While much of the world has rightfully focused its immediate attention on the coronavirus pandemic that has impacted much of the planet, one of the oldest leading causes of death annually still lurks in the shadows…quite literally. Malaria, which causes an inordinate amount of mortality and morbidity each year, is spread between humans by the world’s deadliest animal—the mosquito—and has been estimated to have wiped out half of all human existence since the Stone Age. Having a greater understanding of the molecular cell biology for this parasitic disease is the key to unlocking new therapeutics to treat and ultimately stop its spread.
Researchers have known for decades that the most severe form of human malaria, caused by the species Plasmodium falciparum, does extensive modifications of erythrocytes upon invasion. Typically, the parasites use an array of proteins trafficked to the erythrocyte cell surface to make the cell “sticky” and able to cling to peripheral endothelial tissue, avoiding the host immune system. When these modified sticky cells aggregate in the cerebral endothelium (cerebral malaria) or placental tissue, they can often cause fatal blood clots. Now, a team of investigators at the Francis Crick Institute has published new findings that identify how the parasite controls the red blood cell modification process.
“This malaria parasite species is able to use a number of different variants of the same protein to make red blood cells sticky,” explained co-lead study investigator Heledd Davies, PhD, a postdoc in the Signaling in Apicomplexan Parasites Laboratory at the Crick. “So, if the body develops antibodies that stop one variant working, the parasite can simply switch to another one, leading to a constant arms race.”
Davies continued that “a potentially more effective route for therapies could be to target the mechanism malaria uses to transport the proteins to the cell’s surface, as blocking it would reduce symptoms and allow the body to clear the parasites.”
Findings from this new study were published recently in Nature Microbiology through an article entitled “An exported kinase family mediates species-specific erythrocyte remodeling and virulence in human malaria.” In the study, the authors identified proteins, so-called kinases, which are involved in getting the sticky proteins to the cell surface. Kinases are enzymes that can turn many other proteins on or off, and often regulate essential processes in cells.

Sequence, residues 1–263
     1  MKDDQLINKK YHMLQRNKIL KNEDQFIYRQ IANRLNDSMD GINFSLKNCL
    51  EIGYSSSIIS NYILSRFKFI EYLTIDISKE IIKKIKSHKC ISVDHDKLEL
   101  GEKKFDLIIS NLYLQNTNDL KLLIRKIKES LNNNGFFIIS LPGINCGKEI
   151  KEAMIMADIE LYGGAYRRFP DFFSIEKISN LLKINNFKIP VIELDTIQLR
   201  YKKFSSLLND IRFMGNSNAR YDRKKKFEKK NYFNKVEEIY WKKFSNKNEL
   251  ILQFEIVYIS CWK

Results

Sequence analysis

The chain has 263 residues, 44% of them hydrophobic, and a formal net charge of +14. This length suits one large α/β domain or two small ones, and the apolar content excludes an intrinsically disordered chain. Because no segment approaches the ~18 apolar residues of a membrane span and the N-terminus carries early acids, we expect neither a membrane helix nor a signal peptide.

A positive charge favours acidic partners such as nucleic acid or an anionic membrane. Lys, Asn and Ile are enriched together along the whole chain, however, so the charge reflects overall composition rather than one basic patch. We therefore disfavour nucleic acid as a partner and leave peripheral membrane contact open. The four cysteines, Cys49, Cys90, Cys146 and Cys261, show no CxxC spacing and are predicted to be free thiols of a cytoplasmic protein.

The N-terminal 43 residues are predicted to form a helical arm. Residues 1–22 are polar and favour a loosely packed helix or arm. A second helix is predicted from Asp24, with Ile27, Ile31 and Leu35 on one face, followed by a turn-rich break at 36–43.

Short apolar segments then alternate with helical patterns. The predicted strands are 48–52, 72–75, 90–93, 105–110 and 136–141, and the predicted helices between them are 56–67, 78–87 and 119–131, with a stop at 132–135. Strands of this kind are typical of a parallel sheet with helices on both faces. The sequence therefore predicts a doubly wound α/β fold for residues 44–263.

“[Parasite] virulence is closely linked to the increase in rigidity of infected erythrocytes and their adhesion to endothelial receptors, obstructing blood flow to vital organs,” the authors wrote. “Unlike other human-infecting Plasmodium species, P. falciparum exports a family of 18 FIKK serine/threonine kinases into the host cell, suggesting that phosphorylation may modulate erythrocyte modifications.”
“These kinases are not released by other strains of malaria that infect humans, so we predicted that they are some of the factors that make this species deadlier,” Noted Hugo Belda, co-lead author and PhD student in the Signaling in Apicomplexan Parasites Laboratory at the Crick.
The study authors went on to describe their work, stating that “we reveal substantial species-specific phosphorylation of erythrocyte proteins by P. falciparum but not by Plasmodium knowlesi, which does not export FIKK kinases. By conditionally deleting all FIKK kinases combined with large-scale quantitative phosphoproteomics, we identified unique phosphorylation fingerprints for each kinase, including phosphosites on parasite virulence factors and host erythrocyte proteins. Despite their non-overlapping target sites, network analysis revealed that some FIKKs may act in the same pathways. Only the deletion of the non-exported kinase FIKK8 resulted in reduced parasite growth, suggesting the exported FIKKs may instead support functions important for survival in the host.”
The research team was encouraged by their findings and are looking forward to continuing their work with the hope of finding a potentially viable therapeutic target.
“In our research, we tested what happened when we removed different protein kinases from the parasite, while it is living in human blood,” concluded senior study investigator Moritz Treeck, PhD group leader in the Signaling in Apicomplexan Parasites Laboratory at the Crick. “One protein played an important role in controlling cell stickiness, while others may be required for yet unknown aspects of the parasite’s biology. This is very exciting and will help to better understand the disease mechanism.”